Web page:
The Oriel Traditional Orchestra is a cross-border, intergenerational community orchestra whose members come primarily from Louth, Meath, Monaghan and Armagh. The OTO concentrates on Irish traditional music repertoire from the Oriel region arranged especially for the orchestra. The orchestra have performed locally in Co. Louth and at festivals in Cork and Cavan, as well as at Fleadh Cheoil na hÉireann in Drogheda. Their repertoire includes music from Meath born harper-composer Turlough O’Carolan, South Armagh fiddle player Josephine Keegan, and Louth composers Adéle Commins and Daithí Kearney.  They also perform music from Brian O’Kane from Ballybay, Co. Monaghan, which he performed with the Siamsa Céilí Band from Dundalk, as well as tunes from local collections.

The OTO performs repertoire from and inspired by the Oriel region with new compositions by members and local composers. To date, the repertoire has included music sourced to the Luke Donnellan collection, which formed part of Pádraigín Ní Uallacháin’s seminal study The Hidden Ulster (2003) and local fiddle player Gerry O’Connor’s MA dissertation at Dundalk Institute of Technology (2006). The music of Monaghan composer Brian O’Kane, recently collected and transcribed by Dr Daithí Kearney at DkIT, is also included, as is the music of South Armagh composer Josephine Keegan, also based on research undertaken at DkIT. The orchestra has also sought to include new compositions by its members and to date this has included a set from composers and directors Daithí Kearney and Adèle Commins from their album and collection A Louth Lilt (2017) and a new set from member Philip McGuinness. As the group develops, it is planned to include some songs from the rich Oriel tradition that has been researched by Pádraigín Ní Uallacháin and some of the region’s harp music, which is currently being researched by MA student Sylvia Crawford at DkIT. The orchestra also includes arrangements of the music of Turlough O’Carolan from Nobber, Co. Meath. The Orchestra are currently working on a new commission, The Oriel March, funded through the Department of Culture, Heritage and the Gaeltacht.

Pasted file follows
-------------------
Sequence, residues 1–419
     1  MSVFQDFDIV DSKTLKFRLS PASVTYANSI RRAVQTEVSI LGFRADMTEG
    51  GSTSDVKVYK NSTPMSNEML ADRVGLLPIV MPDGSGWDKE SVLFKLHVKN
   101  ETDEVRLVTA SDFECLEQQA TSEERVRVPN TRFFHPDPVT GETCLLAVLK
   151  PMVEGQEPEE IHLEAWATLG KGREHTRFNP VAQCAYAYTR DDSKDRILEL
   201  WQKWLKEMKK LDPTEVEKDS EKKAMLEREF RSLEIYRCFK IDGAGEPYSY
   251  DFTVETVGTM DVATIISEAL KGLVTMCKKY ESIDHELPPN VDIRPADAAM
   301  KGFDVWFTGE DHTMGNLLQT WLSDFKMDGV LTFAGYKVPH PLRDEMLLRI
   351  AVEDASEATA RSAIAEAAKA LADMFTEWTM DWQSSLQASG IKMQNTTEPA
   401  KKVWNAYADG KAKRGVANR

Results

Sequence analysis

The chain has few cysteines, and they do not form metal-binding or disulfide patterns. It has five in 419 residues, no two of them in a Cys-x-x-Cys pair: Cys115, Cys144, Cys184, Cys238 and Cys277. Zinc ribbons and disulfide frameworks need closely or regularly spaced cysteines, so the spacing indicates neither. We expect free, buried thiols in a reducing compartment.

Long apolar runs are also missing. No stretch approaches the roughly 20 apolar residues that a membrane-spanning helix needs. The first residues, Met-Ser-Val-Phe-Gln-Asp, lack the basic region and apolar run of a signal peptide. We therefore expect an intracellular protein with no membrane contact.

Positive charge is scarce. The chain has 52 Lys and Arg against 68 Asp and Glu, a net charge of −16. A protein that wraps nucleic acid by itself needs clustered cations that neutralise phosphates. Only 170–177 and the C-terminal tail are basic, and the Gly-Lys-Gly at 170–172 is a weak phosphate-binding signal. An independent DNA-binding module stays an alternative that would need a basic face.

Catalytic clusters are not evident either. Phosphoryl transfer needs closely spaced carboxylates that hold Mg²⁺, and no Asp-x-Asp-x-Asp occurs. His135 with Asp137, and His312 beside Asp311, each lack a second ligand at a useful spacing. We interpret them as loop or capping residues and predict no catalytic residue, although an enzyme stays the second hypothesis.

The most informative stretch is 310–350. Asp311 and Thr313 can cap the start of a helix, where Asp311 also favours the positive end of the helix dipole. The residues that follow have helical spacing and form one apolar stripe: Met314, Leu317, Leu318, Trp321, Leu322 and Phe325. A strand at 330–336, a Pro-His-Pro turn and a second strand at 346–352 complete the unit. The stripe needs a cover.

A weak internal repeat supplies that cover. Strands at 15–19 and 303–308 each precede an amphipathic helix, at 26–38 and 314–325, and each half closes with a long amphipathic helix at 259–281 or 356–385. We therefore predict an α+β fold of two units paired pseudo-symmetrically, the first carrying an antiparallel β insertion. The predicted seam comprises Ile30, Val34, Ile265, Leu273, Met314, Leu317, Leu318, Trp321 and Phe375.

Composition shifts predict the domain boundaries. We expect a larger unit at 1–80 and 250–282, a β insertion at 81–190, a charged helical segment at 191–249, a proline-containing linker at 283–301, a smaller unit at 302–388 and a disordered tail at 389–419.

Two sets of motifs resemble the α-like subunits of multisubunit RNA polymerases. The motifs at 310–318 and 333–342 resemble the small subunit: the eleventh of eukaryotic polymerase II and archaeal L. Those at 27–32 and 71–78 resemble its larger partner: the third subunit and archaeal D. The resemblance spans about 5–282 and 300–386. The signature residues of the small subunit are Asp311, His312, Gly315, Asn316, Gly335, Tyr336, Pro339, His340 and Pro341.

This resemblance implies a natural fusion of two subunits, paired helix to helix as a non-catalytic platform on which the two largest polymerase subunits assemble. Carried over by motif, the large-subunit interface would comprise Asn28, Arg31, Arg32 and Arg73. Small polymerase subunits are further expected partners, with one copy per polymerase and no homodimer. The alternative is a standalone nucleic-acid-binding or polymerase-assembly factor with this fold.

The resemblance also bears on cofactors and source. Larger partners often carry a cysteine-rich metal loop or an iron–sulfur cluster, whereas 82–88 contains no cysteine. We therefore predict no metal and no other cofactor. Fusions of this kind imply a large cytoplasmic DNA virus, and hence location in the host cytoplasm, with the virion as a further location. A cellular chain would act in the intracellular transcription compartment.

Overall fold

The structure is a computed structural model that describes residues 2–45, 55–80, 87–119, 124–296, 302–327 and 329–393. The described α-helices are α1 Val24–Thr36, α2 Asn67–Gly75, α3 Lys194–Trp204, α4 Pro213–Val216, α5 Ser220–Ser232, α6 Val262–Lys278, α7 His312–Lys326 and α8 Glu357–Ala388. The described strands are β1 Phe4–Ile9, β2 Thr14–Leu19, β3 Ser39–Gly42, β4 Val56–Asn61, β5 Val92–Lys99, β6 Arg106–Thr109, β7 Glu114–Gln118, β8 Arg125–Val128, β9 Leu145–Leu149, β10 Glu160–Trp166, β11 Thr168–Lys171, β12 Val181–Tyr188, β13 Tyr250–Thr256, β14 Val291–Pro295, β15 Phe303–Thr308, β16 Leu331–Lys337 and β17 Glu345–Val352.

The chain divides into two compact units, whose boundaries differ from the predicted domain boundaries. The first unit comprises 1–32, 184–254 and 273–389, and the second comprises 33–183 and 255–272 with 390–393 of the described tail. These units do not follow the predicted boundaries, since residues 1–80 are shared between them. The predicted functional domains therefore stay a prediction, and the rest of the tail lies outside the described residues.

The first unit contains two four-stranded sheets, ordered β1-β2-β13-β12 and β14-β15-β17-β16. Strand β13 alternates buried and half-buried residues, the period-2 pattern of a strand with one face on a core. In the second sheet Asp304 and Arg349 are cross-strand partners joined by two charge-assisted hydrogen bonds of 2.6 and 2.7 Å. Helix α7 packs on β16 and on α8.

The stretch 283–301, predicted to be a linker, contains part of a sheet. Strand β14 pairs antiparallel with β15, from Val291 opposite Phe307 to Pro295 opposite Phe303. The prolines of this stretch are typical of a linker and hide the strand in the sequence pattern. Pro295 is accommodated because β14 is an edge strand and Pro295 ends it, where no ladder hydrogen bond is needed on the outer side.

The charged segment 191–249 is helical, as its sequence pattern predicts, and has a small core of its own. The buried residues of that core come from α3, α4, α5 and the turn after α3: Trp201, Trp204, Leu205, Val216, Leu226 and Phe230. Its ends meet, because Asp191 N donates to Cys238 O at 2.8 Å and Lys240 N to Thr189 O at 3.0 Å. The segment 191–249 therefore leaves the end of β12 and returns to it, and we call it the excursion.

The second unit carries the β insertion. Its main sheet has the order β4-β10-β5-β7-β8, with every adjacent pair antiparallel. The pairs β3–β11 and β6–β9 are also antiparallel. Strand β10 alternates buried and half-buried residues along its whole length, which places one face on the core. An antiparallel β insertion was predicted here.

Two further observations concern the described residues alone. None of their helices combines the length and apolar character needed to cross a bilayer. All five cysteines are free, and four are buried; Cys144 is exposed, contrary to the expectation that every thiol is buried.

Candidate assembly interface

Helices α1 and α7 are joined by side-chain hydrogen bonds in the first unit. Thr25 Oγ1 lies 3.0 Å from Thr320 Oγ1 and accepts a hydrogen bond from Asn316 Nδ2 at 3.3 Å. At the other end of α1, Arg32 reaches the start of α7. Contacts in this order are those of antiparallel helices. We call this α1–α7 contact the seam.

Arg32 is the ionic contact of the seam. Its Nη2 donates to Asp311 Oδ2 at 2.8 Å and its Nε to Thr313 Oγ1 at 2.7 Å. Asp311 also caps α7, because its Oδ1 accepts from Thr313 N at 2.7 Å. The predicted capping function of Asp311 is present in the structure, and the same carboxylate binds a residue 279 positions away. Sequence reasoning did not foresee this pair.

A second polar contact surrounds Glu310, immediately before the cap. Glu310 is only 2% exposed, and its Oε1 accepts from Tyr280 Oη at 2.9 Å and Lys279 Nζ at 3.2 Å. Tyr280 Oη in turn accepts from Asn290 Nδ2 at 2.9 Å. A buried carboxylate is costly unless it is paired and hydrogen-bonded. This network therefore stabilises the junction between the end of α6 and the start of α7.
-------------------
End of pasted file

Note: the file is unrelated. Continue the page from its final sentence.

The Oriel Traditional Orchestra aims to:

  • promote and encourage participation in and appreciation of the music of the Oriel region
  • contribute to the musical, artistic and physical life of the oriel region
  • create cross-border, inter-generational  opportunities for musicians in the community to engage in formal music making informed by their sense of place
  • perform, arrange and commission arrangements and compositions of music from the Oriel region
  • promote research into the musical traditions of the Oriel region and bring to life through performance existing research in this area
  • present public performances and recitals of Irish Traditional Music in the community and disseminate awareness of the  musical heritage of Oriel through performances outside of the region
  • provide an opportunity for musicians both junior and senior to perform arrangements of Irish Traditional Music together  in a unique forum in an attempt to preserve the Music and tradition of the region

Part of Baptista Boazio’s 1612 Map of Ireland

We are grateful to the Oireachtas Library for permission to use this map.

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